Courtesy of STACK

After attending the Food and Nutrition Conference in Nashville, Tennessee last month, I realized that the world of dietary supplements and sports nutrition products is much bigger than most of us imagined. Ellen Coleman, MA, MPH, RD, CSSD, did a fantastic job of relaying this message to us. In 2012, it was an $84 billion industry, and it’s likely grown since that data was released.

The Dietary Supplement Health and Education Act (DSHEA) defines dietary supplements as “vitamins, minerals, herbs or other botanicals, amino acids, other dietary substances, and any concentrate, metabolite, constituent, extract, or a combination of any of these ingredients.”

The concern is that the FDA does not have authority to require that supplements be proven safe or effective before they enter the market. The FDA also lacks mandatory recall authority, meaning that a supplement must be proven dangerous before it can be removed from the market.

Of all the supplements tested by the FDA between 2010 and 2012, approximately 70% failed to comply with basic Good Manufacturing Practices (GMP) regulations. More than half of adulterated dietary supplements recalled between 2009 and 2012 were still on store shelves six months later, which is of greater concern. GMPs are difficult to enforce and they do not guarantee product purity or potency.

So where does this leave us? We need to do more research to figure out what works and what doesn’t.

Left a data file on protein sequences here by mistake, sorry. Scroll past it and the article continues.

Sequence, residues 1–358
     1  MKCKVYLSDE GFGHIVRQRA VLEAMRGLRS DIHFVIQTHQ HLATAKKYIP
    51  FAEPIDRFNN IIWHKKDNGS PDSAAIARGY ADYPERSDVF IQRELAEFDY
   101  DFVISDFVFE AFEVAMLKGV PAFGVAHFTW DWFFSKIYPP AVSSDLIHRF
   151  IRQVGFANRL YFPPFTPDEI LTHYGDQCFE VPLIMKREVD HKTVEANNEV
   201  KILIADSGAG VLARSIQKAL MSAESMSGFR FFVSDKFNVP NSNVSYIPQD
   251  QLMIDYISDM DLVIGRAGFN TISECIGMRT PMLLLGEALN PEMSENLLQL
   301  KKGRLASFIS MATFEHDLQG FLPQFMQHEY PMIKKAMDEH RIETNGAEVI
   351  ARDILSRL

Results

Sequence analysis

Which Sports Supplements Work?

Athletes take supplements for many reasons, including getting bigger, stronger and faster; losing weight; and enhancing sexual performance.

Some supplements do, of course, improve athletic performance. These include creatine, leucine, HMB, bicarbonate, beetroot, pre-workout blends and post-workout products such as protein powder. The challenge has always been to assure that the supplement you are using is not only effective but also safe and legal.

Many sports supplement products include ingredients that, according to some study or other, offer benefits. But just because it’s effective doesn’t mean it’s safe, which leads to our next point.

Which Sports Supplements Are Safe?

Athletes may unknowingly consume products laced with varying quantities of banned substances, such as anabolic steroids, novel anabolic steroids, amphetamines, and novel stimulants. The FDA has found more than 500 adulterated supplements, but the agency has limited resources to monitor the marketplace for potentially harmful supplements.

So how do you determine whether a supplement is safe?

Third party certification programs run by private organizations can help. Among them:

NSF: This is the gold standard program and it’s used by MLB, MLBPA, NFL and NFLPA.

Informed Choice tests finished products at different levels:

Stage I: Product/Ingredient assessment

Stage II: Pre-registered sample testing—take 5 samples from various runs and does an analysis

Stage III: Post-regulatory requirements

Informed Choice did a study to assess 58 supplements purchased from popular retail outlets and Internet sites in the U.S. What they found was alarming: